Remember this great cover?
Friend and fellow author, Erin Fanning's Blood Stitches is finally out. She stopped by today to talk about Magic, Mythology, an Earthquake, and how inspiration strikes.
When an earthquake struck L’Aquila, Italy on April 6, 2009, 98-year-old Maria D’Antuono remained calm. As her stone house shook around her, she grabbed her knitting and crawled under her bed, keeping herself busy while waiting to be rescued.
I read about Maria’s plight soon after I learned how to knit; yet, I already understood the instinct to grab needles and yarn. The repetitive motion of knitting, I quickly discovered, was not only soothing but hypnotic.
The events adhered to my imagination, mixing together until they grew into a tale of magic and handiwork. What if you could not only find solace during a disaster through knitting, but also create a disaster?
Soon Gabby, Abuela, and Esperanza, characters from my novella, Blood Stitches, were pushing their way through my fingertips. But instead of Italy, my magical family came from Mexico, a country I’d grown to love while living there as a child, specifically the state of Chiapas, which has a rich history of weaving and needlework.
I discovered that Mayan mythology gave Ix Chel, the goddess of the moon, credit for teaching women how to weave and design textiles. From there, I unopened a rich world of mythology, primarily through the Popol Vuh, a classic text in Meso-American literature, which tells the story of creation through Mayan mythology.
Although the Popl Vuh took place in Guatemala, I incorporated its stories into Blood Stitches. The twin myth and battle with the demon Vucub Caquix became the central plot for the novella.
Other bits and pieces from Mayan mythology also found their way into the book. The character Xta, for example, was based on the xtabay, seductresses who led men astray, and the giant brothers, Cabra and Zip, were composites of Cabrakan and Zipacna, the god of earthquakes and the god of mountains, respectively.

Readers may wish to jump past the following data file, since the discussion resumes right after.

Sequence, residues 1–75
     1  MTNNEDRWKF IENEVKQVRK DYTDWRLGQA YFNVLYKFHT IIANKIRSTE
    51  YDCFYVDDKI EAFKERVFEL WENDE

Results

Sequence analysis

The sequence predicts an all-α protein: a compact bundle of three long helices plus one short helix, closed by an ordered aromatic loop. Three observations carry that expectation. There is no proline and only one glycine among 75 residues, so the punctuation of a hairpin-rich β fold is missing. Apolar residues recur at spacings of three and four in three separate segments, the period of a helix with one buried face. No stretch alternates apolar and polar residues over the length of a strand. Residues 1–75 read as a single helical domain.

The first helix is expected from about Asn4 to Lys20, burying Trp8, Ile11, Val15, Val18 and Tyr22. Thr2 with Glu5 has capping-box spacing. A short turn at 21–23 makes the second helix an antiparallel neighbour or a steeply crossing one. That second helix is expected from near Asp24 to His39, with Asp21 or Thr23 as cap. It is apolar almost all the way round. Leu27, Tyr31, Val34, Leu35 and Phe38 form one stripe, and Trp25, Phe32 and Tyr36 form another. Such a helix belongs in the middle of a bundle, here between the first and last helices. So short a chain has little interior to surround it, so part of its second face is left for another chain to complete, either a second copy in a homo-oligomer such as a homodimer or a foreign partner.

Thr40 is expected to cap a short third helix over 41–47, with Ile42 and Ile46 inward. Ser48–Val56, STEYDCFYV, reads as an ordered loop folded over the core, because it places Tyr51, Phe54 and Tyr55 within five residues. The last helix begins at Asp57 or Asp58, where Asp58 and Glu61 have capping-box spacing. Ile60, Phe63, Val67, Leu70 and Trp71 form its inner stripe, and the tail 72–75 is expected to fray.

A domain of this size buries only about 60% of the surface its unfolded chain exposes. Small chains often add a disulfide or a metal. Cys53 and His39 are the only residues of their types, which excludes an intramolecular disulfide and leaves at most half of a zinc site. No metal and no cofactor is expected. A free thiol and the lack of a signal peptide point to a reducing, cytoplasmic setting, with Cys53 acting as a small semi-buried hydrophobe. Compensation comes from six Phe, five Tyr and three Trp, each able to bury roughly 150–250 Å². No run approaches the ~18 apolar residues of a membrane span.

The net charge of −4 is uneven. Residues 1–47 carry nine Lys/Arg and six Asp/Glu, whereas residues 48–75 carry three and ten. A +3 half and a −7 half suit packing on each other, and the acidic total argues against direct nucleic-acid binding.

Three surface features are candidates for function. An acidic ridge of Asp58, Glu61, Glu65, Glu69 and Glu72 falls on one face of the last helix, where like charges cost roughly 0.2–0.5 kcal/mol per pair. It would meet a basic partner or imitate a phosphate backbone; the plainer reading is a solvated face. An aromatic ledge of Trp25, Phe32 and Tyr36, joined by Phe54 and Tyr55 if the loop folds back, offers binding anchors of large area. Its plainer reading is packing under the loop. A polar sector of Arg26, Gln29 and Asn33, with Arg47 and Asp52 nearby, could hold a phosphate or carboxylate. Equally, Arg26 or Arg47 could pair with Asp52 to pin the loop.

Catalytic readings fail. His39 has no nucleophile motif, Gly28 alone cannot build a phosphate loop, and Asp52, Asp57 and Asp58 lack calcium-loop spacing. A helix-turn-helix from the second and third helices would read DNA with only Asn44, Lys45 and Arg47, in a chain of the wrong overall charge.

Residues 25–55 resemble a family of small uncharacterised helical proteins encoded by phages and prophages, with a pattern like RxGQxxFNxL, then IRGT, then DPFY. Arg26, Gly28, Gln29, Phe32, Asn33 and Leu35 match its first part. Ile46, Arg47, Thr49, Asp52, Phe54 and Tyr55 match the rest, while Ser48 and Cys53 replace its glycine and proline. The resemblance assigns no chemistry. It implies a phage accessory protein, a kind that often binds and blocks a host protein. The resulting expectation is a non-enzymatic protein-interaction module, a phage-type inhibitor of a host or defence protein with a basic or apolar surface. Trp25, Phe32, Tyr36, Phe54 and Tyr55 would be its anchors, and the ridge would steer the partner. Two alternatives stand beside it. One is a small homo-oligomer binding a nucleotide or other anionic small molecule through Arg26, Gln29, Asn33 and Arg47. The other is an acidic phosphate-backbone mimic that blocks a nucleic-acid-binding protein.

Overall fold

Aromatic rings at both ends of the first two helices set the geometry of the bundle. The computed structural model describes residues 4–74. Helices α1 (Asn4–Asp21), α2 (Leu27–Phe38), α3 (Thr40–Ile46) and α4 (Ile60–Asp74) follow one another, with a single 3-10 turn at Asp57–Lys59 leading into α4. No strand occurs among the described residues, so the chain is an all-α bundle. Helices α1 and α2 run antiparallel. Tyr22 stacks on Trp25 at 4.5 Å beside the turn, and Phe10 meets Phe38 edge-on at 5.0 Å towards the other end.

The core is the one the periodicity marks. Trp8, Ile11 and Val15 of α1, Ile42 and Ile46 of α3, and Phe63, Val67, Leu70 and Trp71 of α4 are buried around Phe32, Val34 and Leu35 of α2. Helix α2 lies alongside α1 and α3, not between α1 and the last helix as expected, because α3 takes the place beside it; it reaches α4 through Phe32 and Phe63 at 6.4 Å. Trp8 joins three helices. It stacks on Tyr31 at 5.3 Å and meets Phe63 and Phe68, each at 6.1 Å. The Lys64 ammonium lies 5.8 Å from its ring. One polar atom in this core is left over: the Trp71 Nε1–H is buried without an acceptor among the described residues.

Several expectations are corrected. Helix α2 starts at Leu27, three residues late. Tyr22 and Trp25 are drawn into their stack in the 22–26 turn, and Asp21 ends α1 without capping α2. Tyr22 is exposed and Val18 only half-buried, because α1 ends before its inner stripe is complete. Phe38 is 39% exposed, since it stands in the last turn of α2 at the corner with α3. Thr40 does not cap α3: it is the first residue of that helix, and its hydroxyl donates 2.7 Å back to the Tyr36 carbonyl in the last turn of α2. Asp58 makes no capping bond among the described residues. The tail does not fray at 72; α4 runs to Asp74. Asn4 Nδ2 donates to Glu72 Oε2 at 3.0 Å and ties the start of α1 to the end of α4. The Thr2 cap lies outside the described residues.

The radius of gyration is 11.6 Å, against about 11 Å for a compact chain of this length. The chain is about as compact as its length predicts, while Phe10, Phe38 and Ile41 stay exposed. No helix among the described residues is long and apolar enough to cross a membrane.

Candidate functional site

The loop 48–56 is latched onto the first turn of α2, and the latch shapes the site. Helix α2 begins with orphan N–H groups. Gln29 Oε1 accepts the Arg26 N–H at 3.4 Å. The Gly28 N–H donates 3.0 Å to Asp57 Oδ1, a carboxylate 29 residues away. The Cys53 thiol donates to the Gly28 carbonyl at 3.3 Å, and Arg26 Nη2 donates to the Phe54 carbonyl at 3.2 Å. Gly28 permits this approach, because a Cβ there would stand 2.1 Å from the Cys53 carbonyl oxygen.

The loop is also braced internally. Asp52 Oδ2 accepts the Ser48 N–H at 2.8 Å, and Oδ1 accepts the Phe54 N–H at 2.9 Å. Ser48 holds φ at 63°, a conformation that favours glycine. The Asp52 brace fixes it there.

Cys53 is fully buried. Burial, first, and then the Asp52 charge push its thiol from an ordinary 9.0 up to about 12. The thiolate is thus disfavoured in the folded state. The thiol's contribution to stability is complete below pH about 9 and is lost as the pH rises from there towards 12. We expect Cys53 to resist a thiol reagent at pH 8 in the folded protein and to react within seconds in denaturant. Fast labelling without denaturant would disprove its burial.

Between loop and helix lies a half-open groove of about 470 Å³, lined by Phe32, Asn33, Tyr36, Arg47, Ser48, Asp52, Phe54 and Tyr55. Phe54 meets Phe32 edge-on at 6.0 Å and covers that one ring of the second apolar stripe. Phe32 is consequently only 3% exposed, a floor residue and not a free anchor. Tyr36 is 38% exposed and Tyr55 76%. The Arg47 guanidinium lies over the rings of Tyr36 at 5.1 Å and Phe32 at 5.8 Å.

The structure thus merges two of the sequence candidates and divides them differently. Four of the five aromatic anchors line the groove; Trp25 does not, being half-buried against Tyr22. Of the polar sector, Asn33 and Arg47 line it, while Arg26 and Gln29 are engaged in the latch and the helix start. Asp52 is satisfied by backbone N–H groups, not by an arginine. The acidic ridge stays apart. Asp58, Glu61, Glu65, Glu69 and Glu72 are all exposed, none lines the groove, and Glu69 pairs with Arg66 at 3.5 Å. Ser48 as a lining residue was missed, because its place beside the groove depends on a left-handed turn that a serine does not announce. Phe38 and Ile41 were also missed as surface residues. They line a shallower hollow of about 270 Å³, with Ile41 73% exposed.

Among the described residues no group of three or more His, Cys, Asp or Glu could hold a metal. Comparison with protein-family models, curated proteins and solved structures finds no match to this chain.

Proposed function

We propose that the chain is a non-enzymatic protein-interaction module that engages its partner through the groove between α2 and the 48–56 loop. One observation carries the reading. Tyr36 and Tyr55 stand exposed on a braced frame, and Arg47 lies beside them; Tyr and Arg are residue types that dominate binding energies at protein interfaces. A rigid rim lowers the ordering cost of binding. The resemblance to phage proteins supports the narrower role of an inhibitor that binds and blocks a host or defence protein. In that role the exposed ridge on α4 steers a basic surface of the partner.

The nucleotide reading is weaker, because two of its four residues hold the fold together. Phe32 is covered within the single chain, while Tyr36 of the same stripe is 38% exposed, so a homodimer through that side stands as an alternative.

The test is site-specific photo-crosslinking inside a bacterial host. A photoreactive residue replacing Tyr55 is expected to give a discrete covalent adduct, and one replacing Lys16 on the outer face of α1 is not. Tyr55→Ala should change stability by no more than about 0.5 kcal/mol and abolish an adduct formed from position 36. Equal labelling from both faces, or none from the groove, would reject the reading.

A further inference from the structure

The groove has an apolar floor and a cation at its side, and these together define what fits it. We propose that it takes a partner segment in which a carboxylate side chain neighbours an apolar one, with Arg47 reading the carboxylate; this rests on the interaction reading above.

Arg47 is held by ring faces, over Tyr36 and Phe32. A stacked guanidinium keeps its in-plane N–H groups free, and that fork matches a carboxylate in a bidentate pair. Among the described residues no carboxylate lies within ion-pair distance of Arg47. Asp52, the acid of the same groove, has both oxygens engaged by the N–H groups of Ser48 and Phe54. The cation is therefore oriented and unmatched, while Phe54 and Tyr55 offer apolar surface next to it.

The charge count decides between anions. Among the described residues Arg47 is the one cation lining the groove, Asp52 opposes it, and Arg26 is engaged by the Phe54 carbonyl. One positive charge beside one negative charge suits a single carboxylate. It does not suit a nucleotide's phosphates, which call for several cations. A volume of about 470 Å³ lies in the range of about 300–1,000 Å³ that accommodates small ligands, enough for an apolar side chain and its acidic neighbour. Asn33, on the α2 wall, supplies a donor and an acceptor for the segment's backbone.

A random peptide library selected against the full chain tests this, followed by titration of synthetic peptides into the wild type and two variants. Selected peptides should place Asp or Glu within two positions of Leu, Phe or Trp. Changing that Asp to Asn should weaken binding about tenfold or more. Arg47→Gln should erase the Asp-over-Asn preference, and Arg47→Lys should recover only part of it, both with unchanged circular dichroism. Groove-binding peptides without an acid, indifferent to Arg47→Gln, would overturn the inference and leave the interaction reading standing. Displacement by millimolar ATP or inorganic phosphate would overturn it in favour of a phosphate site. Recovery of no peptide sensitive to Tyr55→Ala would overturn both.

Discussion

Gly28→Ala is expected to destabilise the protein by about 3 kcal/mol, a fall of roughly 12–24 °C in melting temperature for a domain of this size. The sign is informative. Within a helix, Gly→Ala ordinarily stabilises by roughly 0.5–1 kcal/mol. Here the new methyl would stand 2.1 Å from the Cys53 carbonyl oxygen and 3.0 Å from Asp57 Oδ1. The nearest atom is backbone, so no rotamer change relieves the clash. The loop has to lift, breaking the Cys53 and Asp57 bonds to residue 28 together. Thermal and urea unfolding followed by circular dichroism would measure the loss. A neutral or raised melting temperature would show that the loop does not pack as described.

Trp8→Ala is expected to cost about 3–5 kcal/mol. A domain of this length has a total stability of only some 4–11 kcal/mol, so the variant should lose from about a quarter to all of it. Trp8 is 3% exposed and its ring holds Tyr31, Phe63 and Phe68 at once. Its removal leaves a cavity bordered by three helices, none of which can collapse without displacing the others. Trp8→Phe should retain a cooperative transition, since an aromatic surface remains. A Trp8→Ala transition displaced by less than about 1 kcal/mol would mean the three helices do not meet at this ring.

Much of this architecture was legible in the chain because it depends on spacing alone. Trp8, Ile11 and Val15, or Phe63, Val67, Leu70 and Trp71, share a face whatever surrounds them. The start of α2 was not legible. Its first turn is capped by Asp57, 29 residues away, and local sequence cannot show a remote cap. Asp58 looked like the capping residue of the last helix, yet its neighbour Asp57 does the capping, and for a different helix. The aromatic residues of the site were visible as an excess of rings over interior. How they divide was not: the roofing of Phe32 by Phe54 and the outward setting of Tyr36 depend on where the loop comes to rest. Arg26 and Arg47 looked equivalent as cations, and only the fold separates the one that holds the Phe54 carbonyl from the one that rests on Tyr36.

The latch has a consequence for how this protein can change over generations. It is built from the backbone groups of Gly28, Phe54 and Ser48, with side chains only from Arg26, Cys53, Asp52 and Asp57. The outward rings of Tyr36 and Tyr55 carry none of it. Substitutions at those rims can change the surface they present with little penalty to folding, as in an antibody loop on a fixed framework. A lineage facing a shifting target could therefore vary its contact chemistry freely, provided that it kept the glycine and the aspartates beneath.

Eventually, the research into Mayan mythology led to an endless source of adventures, which I’m hoping to include in a sequel, with Gabby and her friends traveling to the Mayan ruins of Chiapas.
Ultimately, though, I learned that classic literature never really grows old. The stories in the Popol Vuh are as interesting and vital today as when they were first written hundreds of years ago—tales of betrayal, romance, and survival that rival modern novels for originality and entertainment.
It’s called El Toque de la Luna—The Touch of the Moon. At least that’s how nineteen-year-old Gabby’s older sister, Esperanza, refers to the magical powers she inherited from their Mayan ancestors. Esperanza says women with El Toque weave magic into their knitting, creating tapestries capable of saving—or devastating—the world. Gabby thinks Esperanza is more like touched in the head—until a man dressed like a candy corn arrives at their Seattle home on Halloween. But “Mr. C” is far from sweet…
Soon, Gabby and her almost-more-than-friend, Frank, find themselves spirited away to a demon ball, complete with shape shifters—and on a mission to destroy Esperanza’s tapestries before they cause an apocalyptic disaster… And before it’s too late to confess their true feelings for each other.
Barnes & Noble:http://www.barnesandnoble.com/w/blood-stitches-erin-fanning/1121044500?ean=9781616506735
About the Author:
Erin Fanning spends her summers on a northern Michigan lake, where her imagination explores the water and dense forest for undiscovered creatures. In the winter, she migrates to central Idaho, exchanging mountain bikes and kayaks for skis and snowshoes. She’s the author of a mountain biking guidebook, as well as numerous articles, essays, and short stories.
Find Erin online:
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